Company: Company: Apriva
For POS traffic traveling across the Internet, a new security tool called AprivaNet from information technology (IT) security company Apriva provides what is akin to the cyber version of an underground tunnel: a special router, separate and hidden from public Internet channels, through which POS information can pass invisibly.
"What's unique about this particular product is it supports a separate payment network, a secure or dedicated payment network," said Bill Clark, General Manager for Apriva Secure Payments Division.
"So we actually separate point-of-sale traffic from all other traffic and by doing so have some unique capabilities to keep transactions from going where they shouldn't go."
For merchants with either wireless or Ethernet-connected POS terminals, customer transaction data usually flows through the same router as other outgoing data to an open-ended network. AprivaNet, on the other hand, captures that data and sends it separately, effectively concealing it from hackers trolling the Internet's main pathways and disguising its origin.
"What's interesting is you end up, in many cases, encrypting the data twice because you're putting it on a private network which encrypts it, but what you're also hiding are those endpoints," Clark said.
"On a private network, those endpoints are invisible to people who might be in the middle ... it kind of makes the users of those private networks disappear. So, yes, there's a stream of encrypted traffic, but you don't know where they're going, where it came from, or what might be in that data stream. And, in a way, it's like making sure your point-of-sale traffic is a needle in a haystack - it makes it harder to go after."
Clark added that although POS data is typically encrypted, it often remains vulnerable to hacking because of its presence on public networks. The encryption alone will protect it in many cases, but fending off more sophisticated hackers requires multifaceted solutions, he noted.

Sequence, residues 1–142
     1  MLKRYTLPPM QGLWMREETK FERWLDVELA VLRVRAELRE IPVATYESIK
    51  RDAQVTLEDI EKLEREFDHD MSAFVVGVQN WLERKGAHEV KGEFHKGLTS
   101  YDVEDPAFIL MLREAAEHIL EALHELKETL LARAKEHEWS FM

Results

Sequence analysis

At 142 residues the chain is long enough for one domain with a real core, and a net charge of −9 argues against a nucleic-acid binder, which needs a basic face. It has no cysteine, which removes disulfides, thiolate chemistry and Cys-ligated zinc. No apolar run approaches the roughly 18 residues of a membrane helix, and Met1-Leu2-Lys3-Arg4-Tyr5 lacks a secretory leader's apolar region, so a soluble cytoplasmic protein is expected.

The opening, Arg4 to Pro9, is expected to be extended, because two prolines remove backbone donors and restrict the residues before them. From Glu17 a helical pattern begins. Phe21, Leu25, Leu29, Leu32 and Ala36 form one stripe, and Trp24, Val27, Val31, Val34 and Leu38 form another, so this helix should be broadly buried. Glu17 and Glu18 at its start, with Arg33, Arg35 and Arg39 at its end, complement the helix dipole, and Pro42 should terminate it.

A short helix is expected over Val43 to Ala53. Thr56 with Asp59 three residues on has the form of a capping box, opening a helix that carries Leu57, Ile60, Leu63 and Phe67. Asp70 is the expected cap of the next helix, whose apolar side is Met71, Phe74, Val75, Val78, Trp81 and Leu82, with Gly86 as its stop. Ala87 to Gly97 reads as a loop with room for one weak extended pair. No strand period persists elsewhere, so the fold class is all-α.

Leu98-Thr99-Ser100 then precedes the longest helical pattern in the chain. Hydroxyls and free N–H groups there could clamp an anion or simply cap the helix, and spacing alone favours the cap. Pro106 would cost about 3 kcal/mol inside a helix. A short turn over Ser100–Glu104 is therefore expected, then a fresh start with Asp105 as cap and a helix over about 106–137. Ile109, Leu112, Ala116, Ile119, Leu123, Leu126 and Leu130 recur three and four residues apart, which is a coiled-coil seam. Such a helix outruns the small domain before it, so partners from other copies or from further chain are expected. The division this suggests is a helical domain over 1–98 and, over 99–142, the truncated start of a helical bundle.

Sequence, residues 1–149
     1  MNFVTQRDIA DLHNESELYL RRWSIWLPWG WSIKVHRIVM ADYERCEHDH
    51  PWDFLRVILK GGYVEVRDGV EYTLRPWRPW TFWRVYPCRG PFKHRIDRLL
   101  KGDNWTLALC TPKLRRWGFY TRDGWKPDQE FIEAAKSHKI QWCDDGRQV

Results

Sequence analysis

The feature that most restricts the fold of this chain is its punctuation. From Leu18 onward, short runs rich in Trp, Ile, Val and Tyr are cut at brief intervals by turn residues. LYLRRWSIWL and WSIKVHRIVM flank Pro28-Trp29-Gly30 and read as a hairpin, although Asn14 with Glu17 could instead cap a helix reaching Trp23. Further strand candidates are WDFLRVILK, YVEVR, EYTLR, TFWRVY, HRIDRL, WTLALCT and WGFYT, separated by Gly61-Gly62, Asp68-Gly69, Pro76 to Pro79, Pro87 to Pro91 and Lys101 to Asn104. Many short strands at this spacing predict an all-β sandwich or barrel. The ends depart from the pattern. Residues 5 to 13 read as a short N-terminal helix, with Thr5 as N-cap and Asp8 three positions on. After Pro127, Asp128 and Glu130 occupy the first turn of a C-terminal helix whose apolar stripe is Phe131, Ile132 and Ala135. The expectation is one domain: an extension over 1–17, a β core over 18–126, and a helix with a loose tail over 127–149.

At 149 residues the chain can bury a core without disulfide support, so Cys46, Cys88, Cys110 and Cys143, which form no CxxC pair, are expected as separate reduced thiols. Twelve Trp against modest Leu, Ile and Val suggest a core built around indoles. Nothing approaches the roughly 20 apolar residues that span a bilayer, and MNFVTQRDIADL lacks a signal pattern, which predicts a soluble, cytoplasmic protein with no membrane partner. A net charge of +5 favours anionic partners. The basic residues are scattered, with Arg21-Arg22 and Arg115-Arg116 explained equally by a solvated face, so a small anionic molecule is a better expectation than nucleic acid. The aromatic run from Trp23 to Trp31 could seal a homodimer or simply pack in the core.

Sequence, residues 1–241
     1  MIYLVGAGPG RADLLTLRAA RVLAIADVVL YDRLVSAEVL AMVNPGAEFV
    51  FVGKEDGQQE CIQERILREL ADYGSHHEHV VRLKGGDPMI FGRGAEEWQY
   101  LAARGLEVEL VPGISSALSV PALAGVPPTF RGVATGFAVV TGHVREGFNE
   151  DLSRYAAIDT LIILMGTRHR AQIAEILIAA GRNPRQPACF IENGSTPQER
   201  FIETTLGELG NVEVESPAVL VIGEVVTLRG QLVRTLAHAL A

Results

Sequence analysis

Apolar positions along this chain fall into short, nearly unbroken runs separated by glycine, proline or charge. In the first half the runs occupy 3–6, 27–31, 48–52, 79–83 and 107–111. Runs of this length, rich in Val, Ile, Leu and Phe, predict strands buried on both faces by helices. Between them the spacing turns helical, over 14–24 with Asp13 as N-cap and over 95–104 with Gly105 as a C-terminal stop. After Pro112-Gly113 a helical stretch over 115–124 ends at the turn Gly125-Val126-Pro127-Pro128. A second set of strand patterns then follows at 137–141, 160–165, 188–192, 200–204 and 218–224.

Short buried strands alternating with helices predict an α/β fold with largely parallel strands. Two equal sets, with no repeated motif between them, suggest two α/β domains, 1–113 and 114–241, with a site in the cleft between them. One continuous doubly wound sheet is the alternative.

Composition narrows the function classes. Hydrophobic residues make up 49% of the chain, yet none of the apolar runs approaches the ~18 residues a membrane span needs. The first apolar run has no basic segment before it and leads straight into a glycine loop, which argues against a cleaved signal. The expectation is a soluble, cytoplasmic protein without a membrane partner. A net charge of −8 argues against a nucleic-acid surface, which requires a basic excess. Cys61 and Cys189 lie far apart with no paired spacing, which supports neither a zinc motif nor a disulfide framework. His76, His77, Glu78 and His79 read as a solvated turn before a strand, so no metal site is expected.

"What you have is all of these fringe elements trying to penetrate, trying to access, trying to put viruses in," he said. "Those are all security issues that really don't have anything to do with the fact that the transaction has been encrypted."
"Today, IT-connected, Internet-connected merchants are really the target for PCI, because they have a device that's connected on public networks," he said. "It makes them vulnerable to hacking, and it makes them vulnerable to viruses that can be implanted on their systems - and that can then send data out of the Internet ... TJ Maxx was a perfect example." (Retailer TJX Companies Inc. revealed a massive data breach in 2007.)
While routing merchant data through a private network is AprivaNet's primary function, that service is part of a larger security package that helps to ensure compliance with the Payment Card Industry (PCI) Data Security Standard.
Clark said that package includes a 24-hour monitoring device that informs a merchant whenever "configuration problems" occur within the network, such as connection problems or device tampering; a self-assessment security questionnaire; PCI-required penetration scanning; and a guarantee that Apriva will "cover the expense of any remediation cost" up to $50,000 for PCI violations associated with using the device.
"This is a form of encryption that is not just the private POS network," Clark said. "We're also bundling in the TrustKeeper tools [Trustwave's on-demand compliance management technology] to help you document you're compliant; you have the self-assessment questionnaire, the scanning that's required, the guarantee ... all those are additional risks that we're addressing."
Clark said the service will hit the market by May 15, 2009.
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